First, let’s take a look at popularity. What is the most popular sport in the world? If you answered “football” or “soccer” you would be correct, at least according to this website and this one. The lists on these website differ slightly but the next few most popular sports include cricket, table tennis, tennis, field hockey, baseball, golf, volleyball, and basketball. Therefore, if you are “counting” sports based on world-wide popularity many sports that are not popular in the United States, such as cricket or table tennis, would be considered real sports. And why not? Does the US have the final say on which sports count as real?
If you go to the country ranking on the website, American football ranks as the US’s most popular sport. American football is ranked either 9th or 13th on the list of most popular sports in the world. And yet in the United States, American football comes to dominate Sunday’s mainstream television channels every year from August to January, not to mention its creep onto Monday and Thursday. American football sure counts as a sport in the US, right? Do you know anyone who debates this?
But despite what the NFL and the millions-of-dollar advertisements might tell us, American football pails in comparison to other world-wide sports. For example, the Superbowl is fourth on the list of most watched sporting events. The FIFA World Cup takes the gold medal, the Olympics the silver, and the ICC Cricket World Championship the bronze. In other words, what counts as sport can be based on popularity, as people spend their time and money on particular sports and sporting events throughout the world. CrossFit is gaining in popularity, at least as an activity. Just check out where boxes are located world-wide.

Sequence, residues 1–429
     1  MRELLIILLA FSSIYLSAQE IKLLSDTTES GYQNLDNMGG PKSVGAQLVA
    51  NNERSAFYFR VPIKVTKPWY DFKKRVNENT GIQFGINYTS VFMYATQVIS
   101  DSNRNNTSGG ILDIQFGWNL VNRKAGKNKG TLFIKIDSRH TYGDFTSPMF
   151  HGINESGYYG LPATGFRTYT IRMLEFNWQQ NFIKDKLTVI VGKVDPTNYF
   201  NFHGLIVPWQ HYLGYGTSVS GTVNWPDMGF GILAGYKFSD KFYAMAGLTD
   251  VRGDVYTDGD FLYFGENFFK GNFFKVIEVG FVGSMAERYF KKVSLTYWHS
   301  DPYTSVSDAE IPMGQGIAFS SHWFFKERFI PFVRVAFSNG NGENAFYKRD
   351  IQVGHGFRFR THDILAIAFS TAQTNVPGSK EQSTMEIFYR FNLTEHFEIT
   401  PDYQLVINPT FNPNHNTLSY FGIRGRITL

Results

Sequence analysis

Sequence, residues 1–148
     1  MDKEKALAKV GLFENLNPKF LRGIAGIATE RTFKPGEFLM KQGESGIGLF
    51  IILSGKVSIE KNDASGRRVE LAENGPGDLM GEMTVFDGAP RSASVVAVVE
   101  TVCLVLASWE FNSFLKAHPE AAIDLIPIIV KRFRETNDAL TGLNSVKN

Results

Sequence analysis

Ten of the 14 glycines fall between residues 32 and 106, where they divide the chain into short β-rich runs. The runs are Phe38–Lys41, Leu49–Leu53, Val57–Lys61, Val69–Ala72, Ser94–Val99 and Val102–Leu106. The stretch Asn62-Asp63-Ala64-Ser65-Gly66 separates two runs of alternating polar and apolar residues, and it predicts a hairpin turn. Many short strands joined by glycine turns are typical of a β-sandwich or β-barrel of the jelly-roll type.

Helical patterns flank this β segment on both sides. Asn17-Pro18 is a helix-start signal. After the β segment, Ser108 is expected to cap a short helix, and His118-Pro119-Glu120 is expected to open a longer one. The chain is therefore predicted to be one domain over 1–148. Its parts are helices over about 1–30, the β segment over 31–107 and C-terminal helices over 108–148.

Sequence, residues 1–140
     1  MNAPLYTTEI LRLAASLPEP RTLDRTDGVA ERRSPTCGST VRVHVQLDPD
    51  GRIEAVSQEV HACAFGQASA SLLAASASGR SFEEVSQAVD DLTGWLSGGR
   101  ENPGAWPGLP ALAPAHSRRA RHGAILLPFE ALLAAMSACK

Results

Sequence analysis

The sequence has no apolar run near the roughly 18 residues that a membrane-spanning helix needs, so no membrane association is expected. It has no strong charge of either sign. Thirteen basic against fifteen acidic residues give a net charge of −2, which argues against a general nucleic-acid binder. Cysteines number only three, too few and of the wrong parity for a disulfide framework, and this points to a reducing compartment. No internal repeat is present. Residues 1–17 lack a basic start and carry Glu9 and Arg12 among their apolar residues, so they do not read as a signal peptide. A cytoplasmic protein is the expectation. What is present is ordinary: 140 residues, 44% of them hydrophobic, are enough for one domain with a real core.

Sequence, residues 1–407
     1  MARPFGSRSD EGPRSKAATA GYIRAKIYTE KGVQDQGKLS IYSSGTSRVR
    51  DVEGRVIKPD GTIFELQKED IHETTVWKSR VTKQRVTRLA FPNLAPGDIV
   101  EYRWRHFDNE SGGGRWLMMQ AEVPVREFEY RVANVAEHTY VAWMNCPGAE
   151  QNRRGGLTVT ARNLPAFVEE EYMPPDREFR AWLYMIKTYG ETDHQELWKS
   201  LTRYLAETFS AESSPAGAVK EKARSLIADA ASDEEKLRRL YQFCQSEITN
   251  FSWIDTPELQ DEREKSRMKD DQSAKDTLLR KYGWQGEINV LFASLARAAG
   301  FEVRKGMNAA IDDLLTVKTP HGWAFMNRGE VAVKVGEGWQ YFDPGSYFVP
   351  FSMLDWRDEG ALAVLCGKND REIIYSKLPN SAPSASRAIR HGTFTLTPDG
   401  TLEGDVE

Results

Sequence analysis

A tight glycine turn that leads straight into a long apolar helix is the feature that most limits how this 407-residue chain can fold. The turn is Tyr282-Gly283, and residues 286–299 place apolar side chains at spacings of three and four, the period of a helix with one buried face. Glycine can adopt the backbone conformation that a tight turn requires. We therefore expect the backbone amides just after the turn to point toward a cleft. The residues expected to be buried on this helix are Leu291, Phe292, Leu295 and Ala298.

That leads me to my second point: the financial power of associations. The National Football League is an extremely powerful entity in the US. The NFL gets to decide which football teams get to locate where and how much of tax-payer money will be spent on the construction of stadiums. Yes, the NFL influences not only our television schedules but the use of our tax dollars.
FIFA, Fédération Internationale de Football Association, governs soccer and the FIFA World Cup, the international soccer tournament held every four years to decide which country is the best at the sport. For wonderful dissections of FIFA’s power you can watch HBO’s Last Week Tonight with John Oliver. Oliver discusses how FIFA, a non-profit organization, profits off of the world’s love of soccer while paying no taxes to host countries. FIFA demanded that Brazil change their anti-alcohol laws so that Budweiser, one of its biggest sponsors, could be sold during the 2014 World Cup. In addition, FIFA created its own courts and justice system during the month long sporting event in South Africa. These courts, not local legal procedure, determined the punishment for crimes committed during the Cup. Think about this: what organizations are able to alter a nation-state’s legal system so that Anheuser-Busch can sell its product? FIFA, which regulates the most popular sport in the world, has this kind of power.
CrossFit® is sponsored by Reebok. It has the Games. And you can buy CrossFit® gear, just like you can buy a Messi or Richard Sherman jersey. It bills itself as “The Sport of Fitness™.” CrossFit® is itself a brand. If it isn’t a sport already, it is well on its way if we consider association marketing, and economic power.